If you’ve ever been in the open waters of the ocean, you understand firsthand the rhythmic ebb and flow of the waves. I have been deep sea fishing two times—both when I was a child. The first time, smooth sailing. The second time, not so much.
On that second fishing trip, I remember us launching out from shore, and after several minutes, all I could see was blue liquid in every direction. No shoreline. Nothing that represented stability and permanence. I must admit, I got a little nervous.
As our relatively small boat continued to power out to the open waters of the Gulf of Mexico, I started feeling a bit queasy. Giant waves cradled us in their valley before launching us to their crest. Then back down again. Back up. Back down. Up. Down. Up. Down. Over and over. Would we ever get there, I wondered. Did someone convince our captain to just keep going past the Gulf all the way to the Caribbean?!
As we tumbled over every wave, I started getting more and more seasick. It felt like I was stuck in the endless loop of one of those loopty-loop roller coasters. I was woozy and wobbly, and I was very nauseated. My dad must’ve recognized the green tint of my face. “Just lean over the edge if you have to,” he said matter-of-factly.
I had to.
As I buckled over the railing, I was a little worried about the side of the boat. But then one of those giant swells rose up to meet the evidence of my seasickness and wash it away.
I remember spending much of the rest of our time at sea lying down in an outdoor shaded area on the upper deck of the boat while nibbling on, of all things, a giant concession stand pickle wrapped in wax paper. Someone said the pickle would help calm my stomach. Now, I think it was just meant as a distraction.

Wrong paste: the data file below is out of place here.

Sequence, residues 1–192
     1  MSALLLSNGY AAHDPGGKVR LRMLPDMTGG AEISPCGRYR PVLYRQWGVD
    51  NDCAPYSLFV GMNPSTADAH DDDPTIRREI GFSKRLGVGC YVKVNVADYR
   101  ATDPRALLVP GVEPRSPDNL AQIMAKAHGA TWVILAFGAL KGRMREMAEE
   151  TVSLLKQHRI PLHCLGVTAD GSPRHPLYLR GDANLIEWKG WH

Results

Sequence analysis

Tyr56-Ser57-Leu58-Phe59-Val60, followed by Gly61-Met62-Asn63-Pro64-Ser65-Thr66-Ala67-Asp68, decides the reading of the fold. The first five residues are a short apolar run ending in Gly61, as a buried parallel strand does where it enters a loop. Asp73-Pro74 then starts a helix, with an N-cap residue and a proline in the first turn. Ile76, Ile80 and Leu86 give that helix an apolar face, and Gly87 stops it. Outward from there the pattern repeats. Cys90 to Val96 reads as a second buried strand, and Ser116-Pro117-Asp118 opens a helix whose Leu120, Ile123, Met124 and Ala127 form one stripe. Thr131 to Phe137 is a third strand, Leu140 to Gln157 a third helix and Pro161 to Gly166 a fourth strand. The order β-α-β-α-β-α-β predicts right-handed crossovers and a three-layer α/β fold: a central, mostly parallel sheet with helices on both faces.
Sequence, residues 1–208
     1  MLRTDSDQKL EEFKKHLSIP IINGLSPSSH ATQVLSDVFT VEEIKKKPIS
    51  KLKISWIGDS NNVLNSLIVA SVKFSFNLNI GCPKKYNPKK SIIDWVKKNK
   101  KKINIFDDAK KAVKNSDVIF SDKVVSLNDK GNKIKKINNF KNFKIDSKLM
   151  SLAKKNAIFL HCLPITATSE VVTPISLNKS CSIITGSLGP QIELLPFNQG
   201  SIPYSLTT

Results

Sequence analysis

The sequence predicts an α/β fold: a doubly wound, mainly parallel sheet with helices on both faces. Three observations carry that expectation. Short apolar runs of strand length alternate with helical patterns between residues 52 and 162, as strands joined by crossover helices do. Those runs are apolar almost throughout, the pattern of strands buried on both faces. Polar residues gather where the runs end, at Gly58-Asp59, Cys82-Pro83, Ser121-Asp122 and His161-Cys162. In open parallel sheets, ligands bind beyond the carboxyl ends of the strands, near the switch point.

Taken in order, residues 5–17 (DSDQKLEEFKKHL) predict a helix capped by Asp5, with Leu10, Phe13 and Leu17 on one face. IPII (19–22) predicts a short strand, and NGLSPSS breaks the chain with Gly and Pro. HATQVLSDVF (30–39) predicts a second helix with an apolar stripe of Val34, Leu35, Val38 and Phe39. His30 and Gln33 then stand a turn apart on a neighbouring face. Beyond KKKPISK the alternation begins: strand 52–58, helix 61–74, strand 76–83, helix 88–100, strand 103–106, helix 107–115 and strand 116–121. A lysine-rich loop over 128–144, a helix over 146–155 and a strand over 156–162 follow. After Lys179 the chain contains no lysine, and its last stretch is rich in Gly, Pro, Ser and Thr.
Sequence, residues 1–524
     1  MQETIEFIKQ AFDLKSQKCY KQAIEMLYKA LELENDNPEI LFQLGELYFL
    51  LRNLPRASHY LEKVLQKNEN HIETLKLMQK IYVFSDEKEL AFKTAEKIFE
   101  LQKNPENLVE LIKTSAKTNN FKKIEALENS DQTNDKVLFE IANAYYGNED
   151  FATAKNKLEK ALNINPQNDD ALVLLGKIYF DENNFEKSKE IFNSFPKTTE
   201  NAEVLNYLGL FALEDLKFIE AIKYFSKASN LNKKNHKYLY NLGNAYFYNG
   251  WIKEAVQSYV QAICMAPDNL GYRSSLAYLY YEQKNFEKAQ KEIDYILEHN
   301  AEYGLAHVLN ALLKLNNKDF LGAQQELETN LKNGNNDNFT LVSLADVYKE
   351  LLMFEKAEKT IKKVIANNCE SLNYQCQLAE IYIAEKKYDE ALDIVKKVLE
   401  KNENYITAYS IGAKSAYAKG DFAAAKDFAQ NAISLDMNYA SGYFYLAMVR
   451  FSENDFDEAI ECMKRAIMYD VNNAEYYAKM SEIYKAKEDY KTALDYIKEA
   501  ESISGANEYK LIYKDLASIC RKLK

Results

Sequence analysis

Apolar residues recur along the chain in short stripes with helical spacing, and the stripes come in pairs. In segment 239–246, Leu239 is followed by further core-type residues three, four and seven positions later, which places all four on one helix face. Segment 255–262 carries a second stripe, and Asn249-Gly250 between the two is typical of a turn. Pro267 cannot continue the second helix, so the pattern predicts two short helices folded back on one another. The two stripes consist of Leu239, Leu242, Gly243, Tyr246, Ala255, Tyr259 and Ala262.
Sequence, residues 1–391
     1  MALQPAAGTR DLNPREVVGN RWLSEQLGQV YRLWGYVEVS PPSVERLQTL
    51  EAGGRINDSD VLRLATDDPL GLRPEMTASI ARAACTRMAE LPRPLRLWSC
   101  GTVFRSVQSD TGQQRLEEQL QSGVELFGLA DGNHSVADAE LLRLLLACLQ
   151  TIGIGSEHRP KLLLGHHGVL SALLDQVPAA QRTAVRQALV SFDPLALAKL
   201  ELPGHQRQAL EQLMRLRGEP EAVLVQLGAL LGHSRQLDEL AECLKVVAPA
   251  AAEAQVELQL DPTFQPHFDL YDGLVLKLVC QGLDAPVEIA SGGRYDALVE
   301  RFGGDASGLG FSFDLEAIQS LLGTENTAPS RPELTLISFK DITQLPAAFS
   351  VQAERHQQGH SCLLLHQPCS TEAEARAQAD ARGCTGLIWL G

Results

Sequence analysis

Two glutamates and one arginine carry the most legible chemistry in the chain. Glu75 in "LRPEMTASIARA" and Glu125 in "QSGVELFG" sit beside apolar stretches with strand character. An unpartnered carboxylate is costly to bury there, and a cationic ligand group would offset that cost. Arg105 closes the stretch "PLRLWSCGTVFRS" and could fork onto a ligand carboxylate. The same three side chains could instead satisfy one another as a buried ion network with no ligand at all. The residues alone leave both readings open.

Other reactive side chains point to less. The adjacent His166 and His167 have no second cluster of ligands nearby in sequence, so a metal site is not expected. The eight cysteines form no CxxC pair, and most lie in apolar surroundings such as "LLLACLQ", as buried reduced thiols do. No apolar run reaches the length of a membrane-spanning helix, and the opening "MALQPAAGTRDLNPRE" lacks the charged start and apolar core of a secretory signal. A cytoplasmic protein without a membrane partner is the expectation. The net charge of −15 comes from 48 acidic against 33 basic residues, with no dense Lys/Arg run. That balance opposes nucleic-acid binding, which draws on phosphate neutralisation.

In some ways, 2020 feels like being stuck out on the open waters of a mighty sea. So many ups and downs. So much anxiety and uncertainty. I don’t know about you, but sometimes it all just makes me feel a bit dizzy and nauseated. I find myself longing for the stability and permanence of the familiar. I am ready to get out of the boat and stand on solid ground.
God always knows what His people need. During the first century, followers of Jesus faced intense pressure. They were getting thrown around by cultural waves, tossed back and forth by false teaching and victimized by violent persecution. They needed something reliable, something dependable, something firm and secure on which to stand.
God gave them hope.
The inspired writer of Hebrews reminded them—and us—that the hope we have in Christ is “an anchor for the soul, firm and secure” (Hebrews 6:19). Hope tethers us to the promises of God. Hope sustains us through the ups and downs of life. Hope inspires us with the vision of a future reality that far exceeds our present reality.
Hope is our anchor amid the raging waters of the world.
Noted author, Henri Nouwen, once wrote, “Hope prevents us from clinging to what we have and frees us to move away from the safe place and enter unknown and fearful territory.”
He is right. With our hope firmly anchored in the promises of God that were revealed and fulfilled in Jesus, we can venture into the open waters of the unknown with confidence and assurance. We can let go of our fear, release our anxiety, and cast off our bitterness and frustration. Our hope is not in the things of this world. Our hope is in something much bigger, much better—something firm and secure.
We are starting a new sermon series called “Hope as an Anchor.” If there is something we all need to hear during these uncertain times, it is a word of hope. I am praying that you will be able to join us either in-person or online for worship this Sunday.
Also, I’m sure you know someone who could benefit from a message of hope right now. Would you make the effort to invite them to worship with us Sunday? Ask them to join you or send them the link to our online service. I look forward to opening up God’s word with you Sunday to find a much-needed word of hope.
Now, for some reason, I’m craving pickles.